When we've just been warned that our basic physical health could be compromised by proposed budget cuts, there won't be many people fretting about the fate of the arts in Northern Ireland, which are also facing crippling cuts – possibly terminal, in some cases.
Thirty-seven organisations, including the Ulster Orchestra, the Lyric Theatre and The Mac, are getting their budgets unexpectedly chopped, right in the middle of the funding year.
But what does one less performance, or painting, or play, matter when there are lives at stake, right? Wrong. If you think like that, you may as well just give up on the arts altogether. Gather them up and dump them at the kerb in a black bin bag.
There will always be other, more obviously pressing, demands on the public purse, and the arts will never win in a showdown with health or education, but they're vital nonetheless.
We would be impoverished in the deepest sense – as a society, as individuals – if we allowed the arts to dwindle and die. At their best, they teach us what it is to be human, opening up possibilities, other worlds, challenging us to think differently.
They wake us up, kick us in the backside, show us hidden parts of our minds and stimulate our wildest fantasies. They revolt us, delight us, infuriate us, make us laugh and weep and remember and forget. They touch us in a way that nothing else can. And without them, we are little more than dull plodders on the surface of the Earth.
That's why we need the arts to be in the control of a minister who understands what they're dealing with. Composer and former Arts Council director Dr Philip Hammond made headlines this week when he claimed the current incumbent, Caral Ni Chuilín, hasn't a clue.
Hammond said he was "outraged, shocked, disappointed, angry – and incredulous – that our fragile world is in the hands of a politician who clearly has absolutely no notion of what is going on in the arts in Northern Ireland, has no notion of what has been happening in the arts in Northern Ireland, and clearly has even less notion of what should be happening in the arts."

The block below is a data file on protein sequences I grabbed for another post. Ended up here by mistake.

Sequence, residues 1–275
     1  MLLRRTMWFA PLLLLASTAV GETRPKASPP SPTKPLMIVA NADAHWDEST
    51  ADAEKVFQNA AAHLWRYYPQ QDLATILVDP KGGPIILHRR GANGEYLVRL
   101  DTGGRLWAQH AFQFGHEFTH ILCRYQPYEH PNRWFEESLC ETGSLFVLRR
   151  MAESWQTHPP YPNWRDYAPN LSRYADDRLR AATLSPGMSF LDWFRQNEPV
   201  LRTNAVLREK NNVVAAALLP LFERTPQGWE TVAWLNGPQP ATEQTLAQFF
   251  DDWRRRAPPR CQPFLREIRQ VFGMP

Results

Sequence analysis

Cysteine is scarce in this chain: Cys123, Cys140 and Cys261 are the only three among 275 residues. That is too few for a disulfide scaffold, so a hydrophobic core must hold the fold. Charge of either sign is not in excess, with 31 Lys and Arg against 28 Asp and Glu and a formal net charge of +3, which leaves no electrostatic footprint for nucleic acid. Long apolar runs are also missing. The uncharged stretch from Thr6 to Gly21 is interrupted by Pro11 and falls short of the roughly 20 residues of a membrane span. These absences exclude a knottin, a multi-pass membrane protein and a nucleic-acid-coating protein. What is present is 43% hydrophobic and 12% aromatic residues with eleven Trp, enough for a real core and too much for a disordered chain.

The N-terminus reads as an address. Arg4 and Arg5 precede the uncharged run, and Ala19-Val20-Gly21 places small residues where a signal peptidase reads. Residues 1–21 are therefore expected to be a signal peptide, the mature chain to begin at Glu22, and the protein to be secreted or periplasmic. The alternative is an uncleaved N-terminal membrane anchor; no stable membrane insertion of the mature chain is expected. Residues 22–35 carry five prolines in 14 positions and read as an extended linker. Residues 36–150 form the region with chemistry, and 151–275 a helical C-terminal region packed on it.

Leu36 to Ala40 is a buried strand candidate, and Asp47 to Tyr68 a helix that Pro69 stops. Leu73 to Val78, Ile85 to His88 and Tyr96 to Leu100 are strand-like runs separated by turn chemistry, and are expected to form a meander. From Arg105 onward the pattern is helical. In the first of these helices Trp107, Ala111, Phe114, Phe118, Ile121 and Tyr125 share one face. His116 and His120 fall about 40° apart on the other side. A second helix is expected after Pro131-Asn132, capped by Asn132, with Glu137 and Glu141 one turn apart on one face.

He drew particular attention to the severe difficulties encountered by the Ulster Orchestra, adding that: "I know for a fact they cannot survive on the money they bring in in sponsorship and in box office. They have to have public funding."
It certainly does seem extraordinary that Ms Ni Chuilín was able to come up with £1m of extra arts funding – seemingly from down the back of the sofa – and distribute it to favoured projects at the very time when flagship organisations such as the Ulster Orchestra are teetering on the edge of disaster.
The real problem here is that we've forgotten the fundamental value of the arts. Some of our politicians – the vast majority, I'd argue – never knew it in the first place, because they're anti-intellectual philistines.
The main purpose of the arts is not driving the economy, nor bringing people together in love and harmony, nor widening access to excluded social groups. All these things can be part of what art can do, but they're not the main reason for it to exist.
Yet that's what art means to the politicians. – it's little more than a crude tool for maximising social inclusion.
Who cares whether it's good, or beautiful, or ugly, or awe-inspiring?
They're only interested in getting the mass public involved and, if they do, that's counted as a success.
Far from the whinge by local playwright and self-appointed man of the people, Martin Lynch, that the arts are snobby and elitist, the truth is that if you want cash for art projects – even in these straitened times – just make sure it's as accessible and relevant and all-round populist as possible, then, miraculously, the money will come rolling in.
That doesn't work so easily for groups such as the Ulster Orchestra. Tchaikovsky's Violin Concerto can hardly be given a populist makeover.
Yet if it, and similar organisations, are slowly starved of cash until they can no longer survive, then we're all losers. We are less of a society.
And nobody is being excluded here. A ticket for the Ulster Orchestra's Grand Opening Concert in September costs £10.
What's to stop any of us from walking in and experiencing this rich pleasure for ourselves?